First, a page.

While the economy was booming just a few short months ago, the U.S. has now entered a recession. And there's ample reason to fear the economy will get worse before it gets better, as coronavirus cases spike nationwide, threats of other contagious diseases loom, and some states abandon reopening plans or even reclose some businesses that had just started operating. 

With the country facing financial difficulties and arguably in full-blown economic crisis mode, it's important to consider the effect this could have on your financial situation. In particular, data from the last economic meltdown shows that your retirement could be affected. 

Hand putting coin in coin jar labeled Retirement, next to clock

Image source: Getty Images.

How does economic trouble affect retirement plans?

Although the 2008 Great Recession had very different causes than the 2020 coronavirus-driven economic downturn, any slowdown in the economy can have a profound effect on those close to retirement or who are already retired.

In fact, research from the Society of Actuaries revealed that around a third of current retirees indicate the 2008 crisis affected when they were able to retire, what they could spend in retirement, or both. In fact:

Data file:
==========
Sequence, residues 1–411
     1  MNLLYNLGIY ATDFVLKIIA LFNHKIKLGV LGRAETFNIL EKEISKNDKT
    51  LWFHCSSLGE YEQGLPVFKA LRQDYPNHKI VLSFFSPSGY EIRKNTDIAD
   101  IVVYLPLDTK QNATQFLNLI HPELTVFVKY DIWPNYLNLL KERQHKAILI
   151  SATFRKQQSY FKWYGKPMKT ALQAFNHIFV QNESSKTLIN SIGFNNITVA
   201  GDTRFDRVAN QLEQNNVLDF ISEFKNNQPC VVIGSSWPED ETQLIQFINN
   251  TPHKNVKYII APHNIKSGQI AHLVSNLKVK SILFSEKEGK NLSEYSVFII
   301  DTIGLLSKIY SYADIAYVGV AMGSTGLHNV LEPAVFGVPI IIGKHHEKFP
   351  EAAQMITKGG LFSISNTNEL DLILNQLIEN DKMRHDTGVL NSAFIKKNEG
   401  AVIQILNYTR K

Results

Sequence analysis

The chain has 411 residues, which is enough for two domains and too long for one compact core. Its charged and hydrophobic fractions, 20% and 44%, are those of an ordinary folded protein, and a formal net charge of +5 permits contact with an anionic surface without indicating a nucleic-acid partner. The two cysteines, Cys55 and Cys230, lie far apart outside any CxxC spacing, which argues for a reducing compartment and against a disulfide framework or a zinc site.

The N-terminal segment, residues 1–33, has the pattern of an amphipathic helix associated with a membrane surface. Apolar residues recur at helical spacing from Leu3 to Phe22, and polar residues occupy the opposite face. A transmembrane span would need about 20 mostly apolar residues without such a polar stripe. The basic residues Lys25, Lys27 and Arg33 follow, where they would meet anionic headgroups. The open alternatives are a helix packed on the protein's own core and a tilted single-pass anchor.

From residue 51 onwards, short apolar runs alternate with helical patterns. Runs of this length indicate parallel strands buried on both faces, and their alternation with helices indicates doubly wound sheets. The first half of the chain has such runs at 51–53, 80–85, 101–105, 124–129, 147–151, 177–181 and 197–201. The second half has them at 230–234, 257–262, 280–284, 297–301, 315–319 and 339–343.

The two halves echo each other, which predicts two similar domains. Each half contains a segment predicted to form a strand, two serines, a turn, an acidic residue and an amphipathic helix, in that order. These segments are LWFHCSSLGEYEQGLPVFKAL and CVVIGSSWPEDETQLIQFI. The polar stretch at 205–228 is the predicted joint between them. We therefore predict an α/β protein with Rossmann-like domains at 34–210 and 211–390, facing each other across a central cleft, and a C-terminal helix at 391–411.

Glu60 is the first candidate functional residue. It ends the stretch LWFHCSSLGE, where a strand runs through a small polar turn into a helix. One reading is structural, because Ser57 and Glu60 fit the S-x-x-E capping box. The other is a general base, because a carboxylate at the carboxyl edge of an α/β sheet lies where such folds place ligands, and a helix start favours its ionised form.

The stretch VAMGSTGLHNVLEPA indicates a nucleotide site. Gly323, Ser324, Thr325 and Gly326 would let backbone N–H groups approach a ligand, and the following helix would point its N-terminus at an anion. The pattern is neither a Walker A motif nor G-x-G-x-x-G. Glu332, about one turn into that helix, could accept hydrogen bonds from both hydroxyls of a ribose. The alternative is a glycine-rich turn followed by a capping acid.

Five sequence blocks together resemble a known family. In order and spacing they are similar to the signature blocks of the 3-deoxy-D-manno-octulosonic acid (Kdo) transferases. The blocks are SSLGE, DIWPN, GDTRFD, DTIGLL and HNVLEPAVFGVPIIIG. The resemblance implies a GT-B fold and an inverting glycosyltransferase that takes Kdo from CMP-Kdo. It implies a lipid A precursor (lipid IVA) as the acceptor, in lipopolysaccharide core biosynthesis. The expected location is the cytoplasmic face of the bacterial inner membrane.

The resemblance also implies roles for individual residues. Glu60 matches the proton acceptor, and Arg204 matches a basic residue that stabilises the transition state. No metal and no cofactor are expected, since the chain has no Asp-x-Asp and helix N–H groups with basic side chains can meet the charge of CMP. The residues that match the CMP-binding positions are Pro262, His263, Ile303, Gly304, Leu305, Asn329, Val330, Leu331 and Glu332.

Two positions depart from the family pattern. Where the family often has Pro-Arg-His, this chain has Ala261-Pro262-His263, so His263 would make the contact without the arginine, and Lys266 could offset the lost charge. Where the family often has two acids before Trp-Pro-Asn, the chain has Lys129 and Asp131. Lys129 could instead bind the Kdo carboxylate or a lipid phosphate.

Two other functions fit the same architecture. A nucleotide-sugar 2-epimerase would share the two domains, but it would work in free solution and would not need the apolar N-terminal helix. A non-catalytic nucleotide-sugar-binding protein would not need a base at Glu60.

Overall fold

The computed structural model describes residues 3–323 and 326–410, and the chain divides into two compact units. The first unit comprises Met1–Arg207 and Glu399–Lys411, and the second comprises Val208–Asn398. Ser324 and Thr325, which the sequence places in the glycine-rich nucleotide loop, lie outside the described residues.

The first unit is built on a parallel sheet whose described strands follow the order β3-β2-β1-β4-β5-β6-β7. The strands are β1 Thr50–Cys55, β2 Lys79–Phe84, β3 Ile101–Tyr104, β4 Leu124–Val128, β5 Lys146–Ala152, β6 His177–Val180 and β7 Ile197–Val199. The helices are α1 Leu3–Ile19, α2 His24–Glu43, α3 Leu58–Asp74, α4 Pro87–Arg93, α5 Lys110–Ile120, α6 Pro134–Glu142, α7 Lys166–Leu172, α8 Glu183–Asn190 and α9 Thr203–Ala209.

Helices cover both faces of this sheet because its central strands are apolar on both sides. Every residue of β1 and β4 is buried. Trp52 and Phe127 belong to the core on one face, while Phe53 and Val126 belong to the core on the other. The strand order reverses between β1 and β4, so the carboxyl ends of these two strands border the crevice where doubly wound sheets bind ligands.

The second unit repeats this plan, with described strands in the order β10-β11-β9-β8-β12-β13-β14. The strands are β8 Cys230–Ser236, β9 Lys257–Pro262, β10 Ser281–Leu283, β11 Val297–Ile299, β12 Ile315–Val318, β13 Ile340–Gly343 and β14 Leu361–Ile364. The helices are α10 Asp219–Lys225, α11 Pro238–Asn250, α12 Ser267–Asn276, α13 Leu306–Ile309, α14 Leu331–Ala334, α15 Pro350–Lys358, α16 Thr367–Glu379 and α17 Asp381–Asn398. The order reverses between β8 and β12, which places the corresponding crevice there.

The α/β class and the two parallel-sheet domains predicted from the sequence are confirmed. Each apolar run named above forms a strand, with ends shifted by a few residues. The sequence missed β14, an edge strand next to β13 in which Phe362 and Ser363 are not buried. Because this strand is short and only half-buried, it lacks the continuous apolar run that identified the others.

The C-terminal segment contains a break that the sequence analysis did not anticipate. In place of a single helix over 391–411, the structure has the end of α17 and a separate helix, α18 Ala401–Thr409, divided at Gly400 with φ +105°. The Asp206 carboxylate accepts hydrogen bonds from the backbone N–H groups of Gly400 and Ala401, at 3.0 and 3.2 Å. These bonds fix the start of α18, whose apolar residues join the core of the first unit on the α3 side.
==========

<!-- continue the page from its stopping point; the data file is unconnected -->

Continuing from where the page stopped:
• 22% said they felt less financially secure about retiring
  • 11% said they had to spend less in their later years
  • 4% said they had to postpone their retirement date

Of those who cut back on spending, a majority did so by making three primary life changes: They traveled less often; they didn't eat out as often; and they made fewer purchases. A full 79% of retirees who took action to decrease their spending simply reduced their purchases, while 66% reduced travel expenses and 61% cut down on dining out. And 16% of retirees made an even more drastic choice in response to spending cuts necessitated by the crisis, opting to move to less expensive housing

While these types of life changes are ones you can make if you have to, it's not ideal to be forced by a financial crisis into a situation where you can't fully enjoy your retirement years after you've worked hard all your life. 

You can take steps to make sure you still have a secure retirement

While a financial crisis can derail your retirement, it doesn't have to have that effect. The key is to anticipate that economic downturns will happen during your working life and to be prepared for them.

That means taking steps such as investing more during the good times in case you have to pause or slow retirement account contributions during periods of unemployment. It also means building a diverse portfolio of investments you'll be content to hold for the long term, and making sure you have an emergency fund so you don't need to raid your investment accounts when things get tough. 

While taking these steps may be challenging, downturns are inevitable, so it's worth doing to ensure they don't derail your plans for your later years. You'll be glad you made the effort when you're able to retire on your own schedule and aren't forced to give up your dreams because of bad economic news.